3 May 2015

Imagine swifts & herons

Imagine swifts & herons stalked
empty tunnels underground Parliament, or nightingales sang from the shard
what people would say?
They saw it but noticed not.
If politicians could shriek
and shrivel up in their seats
would war and terror be lost?
If that egret could get in here
anyone can and anyone will.
Fear-heroes or aspiring terrorists,
are just like our neo-pols.
Just something dodgy about a cool party hack.

29 March 2015

SoCamJam Red Bread

Recently, I discovered a compelling urge to bake bread after wanting to make a sour-dough pizza.   The embarked upon 5-day creation of sour-dough starter for pizza has now sublimated other desires.  

Starting with a wet "sour-dough" starter or levain at 100% hydration (50 grams water for every 50 grams of flour, usually only white) my initial three variations included a 65% hydration Greek version which takes 24 days to come to maturity.   Guess I was hook, line and sinkered by then!  

I now prefer an 80% hydration levain with 1 gram of whole wheat flour for every 4 grams of white flour to 4 grams of water, refreshed every 24 hours but always used after 6 - 8 hours of refreshment.   I can make good sour-dough pizza with this levain and have ended up baking and baking bread.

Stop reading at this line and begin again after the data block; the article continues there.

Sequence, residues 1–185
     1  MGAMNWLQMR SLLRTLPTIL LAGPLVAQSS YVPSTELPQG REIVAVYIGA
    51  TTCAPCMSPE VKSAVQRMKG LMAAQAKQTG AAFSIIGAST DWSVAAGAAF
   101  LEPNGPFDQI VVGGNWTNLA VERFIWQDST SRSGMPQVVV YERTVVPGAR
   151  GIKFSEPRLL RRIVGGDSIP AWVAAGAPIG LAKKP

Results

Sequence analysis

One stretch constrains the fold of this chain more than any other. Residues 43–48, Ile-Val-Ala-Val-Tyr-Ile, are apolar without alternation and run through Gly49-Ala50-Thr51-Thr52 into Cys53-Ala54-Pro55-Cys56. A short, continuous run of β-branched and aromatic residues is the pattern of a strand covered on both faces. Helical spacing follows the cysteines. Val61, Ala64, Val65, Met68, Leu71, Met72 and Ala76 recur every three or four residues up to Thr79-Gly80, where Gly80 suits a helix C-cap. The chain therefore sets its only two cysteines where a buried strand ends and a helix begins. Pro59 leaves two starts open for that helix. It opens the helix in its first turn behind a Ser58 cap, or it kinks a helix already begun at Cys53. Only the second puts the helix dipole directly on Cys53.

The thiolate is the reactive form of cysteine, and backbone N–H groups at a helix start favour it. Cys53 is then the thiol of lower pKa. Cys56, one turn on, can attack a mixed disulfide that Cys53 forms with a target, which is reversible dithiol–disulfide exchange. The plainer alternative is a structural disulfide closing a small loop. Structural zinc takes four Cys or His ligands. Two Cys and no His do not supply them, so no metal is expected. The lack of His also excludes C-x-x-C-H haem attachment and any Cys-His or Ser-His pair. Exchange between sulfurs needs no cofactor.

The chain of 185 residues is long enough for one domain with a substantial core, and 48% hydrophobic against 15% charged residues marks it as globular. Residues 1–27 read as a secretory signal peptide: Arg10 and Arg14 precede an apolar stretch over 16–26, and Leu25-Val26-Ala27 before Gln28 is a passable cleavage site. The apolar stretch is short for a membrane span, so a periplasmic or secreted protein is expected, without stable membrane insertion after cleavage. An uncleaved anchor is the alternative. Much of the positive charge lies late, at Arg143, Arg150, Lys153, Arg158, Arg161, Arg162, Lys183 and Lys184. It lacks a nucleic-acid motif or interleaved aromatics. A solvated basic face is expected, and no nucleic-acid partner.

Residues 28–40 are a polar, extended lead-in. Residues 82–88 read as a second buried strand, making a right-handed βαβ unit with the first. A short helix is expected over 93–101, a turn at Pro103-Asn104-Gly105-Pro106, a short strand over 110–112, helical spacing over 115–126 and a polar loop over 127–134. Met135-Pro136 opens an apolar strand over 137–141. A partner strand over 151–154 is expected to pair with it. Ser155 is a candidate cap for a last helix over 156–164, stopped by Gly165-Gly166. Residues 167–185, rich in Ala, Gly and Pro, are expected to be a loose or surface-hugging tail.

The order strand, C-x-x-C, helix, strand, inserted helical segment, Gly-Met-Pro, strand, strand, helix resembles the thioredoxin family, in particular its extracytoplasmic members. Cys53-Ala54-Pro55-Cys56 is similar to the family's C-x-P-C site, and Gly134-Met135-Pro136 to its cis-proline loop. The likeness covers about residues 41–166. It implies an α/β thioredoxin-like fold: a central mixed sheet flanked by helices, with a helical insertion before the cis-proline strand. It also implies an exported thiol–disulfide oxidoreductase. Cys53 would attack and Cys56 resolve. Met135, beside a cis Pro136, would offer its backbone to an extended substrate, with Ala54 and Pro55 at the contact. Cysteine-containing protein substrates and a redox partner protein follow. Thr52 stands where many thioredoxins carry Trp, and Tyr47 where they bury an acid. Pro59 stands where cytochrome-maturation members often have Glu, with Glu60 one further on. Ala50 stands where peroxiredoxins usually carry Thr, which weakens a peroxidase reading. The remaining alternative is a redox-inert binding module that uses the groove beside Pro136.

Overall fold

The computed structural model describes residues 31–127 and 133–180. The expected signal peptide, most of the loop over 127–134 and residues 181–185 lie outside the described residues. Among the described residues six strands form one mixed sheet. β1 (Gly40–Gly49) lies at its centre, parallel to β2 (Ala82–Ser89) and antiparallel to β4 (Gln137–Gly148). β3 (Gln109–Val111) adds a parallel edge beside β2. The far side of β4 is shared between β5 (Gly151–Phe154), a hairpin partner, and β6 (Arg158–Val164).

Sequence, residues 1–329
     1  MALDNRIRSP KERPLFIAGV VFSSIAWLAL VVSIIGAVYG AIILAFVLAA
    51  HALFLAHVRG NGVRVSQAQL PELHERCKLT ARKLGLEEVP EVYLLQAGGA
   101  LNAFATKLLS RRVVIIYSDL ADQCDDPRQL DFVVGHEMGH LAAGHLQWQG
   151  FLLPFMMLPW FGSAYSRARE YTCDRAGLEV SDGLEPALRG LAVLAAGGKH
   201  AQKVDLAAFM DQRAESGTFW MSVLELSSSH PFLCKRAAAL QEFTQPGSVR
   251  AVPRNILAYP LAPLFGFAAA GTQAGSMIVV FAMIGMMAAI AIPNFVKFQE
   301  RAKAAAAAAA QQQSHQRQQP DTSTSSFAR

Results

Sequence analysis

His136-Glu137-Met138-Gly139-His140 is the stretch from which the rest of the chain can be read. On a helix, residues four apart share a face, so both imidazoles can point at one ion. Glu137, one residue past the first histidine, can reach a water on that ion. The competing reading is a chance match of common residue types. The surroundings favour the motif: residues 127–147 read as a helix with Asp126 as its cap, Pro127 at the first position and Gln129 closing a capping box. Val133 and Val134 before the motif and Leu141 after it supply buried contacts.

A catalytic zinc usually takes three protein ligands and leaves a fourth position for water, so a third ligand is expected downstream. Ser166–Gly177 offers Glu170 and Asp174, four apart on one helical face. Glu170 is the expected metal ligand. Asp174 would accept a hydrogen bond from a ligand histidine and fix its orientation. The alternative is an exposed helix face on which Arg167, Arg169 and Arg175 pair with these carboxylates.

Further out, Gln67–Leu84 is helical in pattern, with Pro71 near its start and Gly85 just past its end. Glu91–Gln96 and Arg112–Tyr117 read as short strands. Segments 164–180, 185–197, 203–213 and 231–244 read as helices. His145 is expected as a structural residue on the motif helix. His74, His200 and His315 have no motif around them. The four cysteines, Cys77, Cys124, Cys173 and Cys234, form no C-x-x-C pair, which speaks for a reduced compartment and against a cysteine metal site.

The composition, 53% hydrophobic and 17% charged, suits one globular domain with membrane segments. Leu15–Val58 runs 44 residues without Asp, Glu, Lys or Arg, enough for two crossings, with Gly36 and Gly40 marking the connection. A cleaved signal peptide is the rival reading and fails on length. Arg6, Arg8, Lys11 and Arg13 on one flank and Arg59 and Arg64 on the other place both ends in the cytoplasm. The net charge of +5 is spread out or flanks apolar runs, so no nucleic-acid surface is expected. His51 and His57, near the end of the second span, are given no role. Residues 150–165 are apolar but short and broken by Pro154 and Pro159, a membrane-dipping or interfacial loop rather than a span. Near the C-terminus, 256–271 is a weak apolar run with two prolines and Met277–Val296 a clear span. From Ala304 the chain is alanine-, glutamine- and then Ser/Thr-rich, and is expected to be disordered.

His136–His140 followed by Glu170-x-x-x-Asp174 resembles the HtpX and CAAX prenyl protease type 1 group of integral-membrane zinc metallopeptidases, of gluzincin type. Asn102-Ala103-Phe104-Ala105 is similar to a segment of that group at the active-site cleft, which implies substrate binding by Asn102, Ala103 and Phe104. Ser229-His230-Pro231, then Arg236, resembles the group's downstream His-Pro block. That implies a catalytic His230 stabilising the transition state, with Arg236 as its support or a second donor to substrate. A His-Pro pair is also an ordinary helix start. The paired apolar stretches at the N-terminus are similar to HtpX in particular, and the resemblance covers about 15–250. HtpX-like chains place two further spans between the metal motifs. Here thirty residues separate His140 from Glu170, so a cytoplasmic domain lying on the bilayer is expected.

Spreadsheets account for any changes and variables in temperature, time, flour, water, yeast and salt, as I test and refine new breads to bake.

Early on I decided to give away at least 1/2 of what I produce for free.   I now have some happy neighbours and friends getting whole loaves as I want the entire journey to be understood.

Ask for advice about how to get started and I can but direct you to Ken Forkish's "Flour, Salt, Water, Yeast" which sets out easy to follow guides.   The rest is up to you and the mad scientist inside.  Bread making is a bit of art and a lot of science as well.  My maths has improved by each rise.

This red bread is an assisted levain.   It uses red malt, white, whole wheat, and light rye flours to produce 2 loaves, proofed in covered wicker baskets using a 30 minute autolyse, 4 stretch and folds followed by final retarded proof in baskets to produce a wonderful bread I prefer not to grignette at all.  Assisted as in addition to levain it uses 2 grams of quick yeast.  The project I am currently with is for a perfect overnight pure levain country blond.

Below are images of early bakes.  Unfortunately, the final version looked so good it got eaten before any thought of taking a picture!   The Maillard reaction produces a caramel dark moreish crust.  Bake it until the colour is brown-violet for the best of all tastes.  Don't cut this one at all.

19 February 2014

All People's Party gain Councillors on Southwark Council

The All People’s Party (APP) is a political party of community champions set up by Prem Goyal OBE JP and longstanding community leader and former Councillor Adedokun Lasaki.